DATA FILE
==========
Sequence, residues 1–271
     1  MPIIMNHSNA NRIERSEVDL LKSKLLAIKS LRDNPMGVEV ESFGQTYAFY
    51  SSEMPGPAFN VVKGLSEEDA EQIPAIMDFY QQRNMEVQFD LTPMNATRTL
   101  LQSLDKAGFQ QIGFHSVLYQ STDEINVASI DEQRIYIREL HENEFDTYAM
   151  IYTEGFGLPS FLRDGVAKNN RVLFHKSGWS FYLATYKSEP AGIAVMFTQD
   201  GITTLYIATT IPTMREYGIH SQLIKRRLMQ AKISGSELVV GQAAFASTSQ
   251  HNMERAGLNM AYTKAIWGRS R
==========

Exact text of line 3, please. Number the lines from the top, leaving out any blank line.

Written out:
    51  SSEMPGPAFN VVKGLSEEDA EQIPAIMDFY QQRNMEVQFD LTPMNATRTL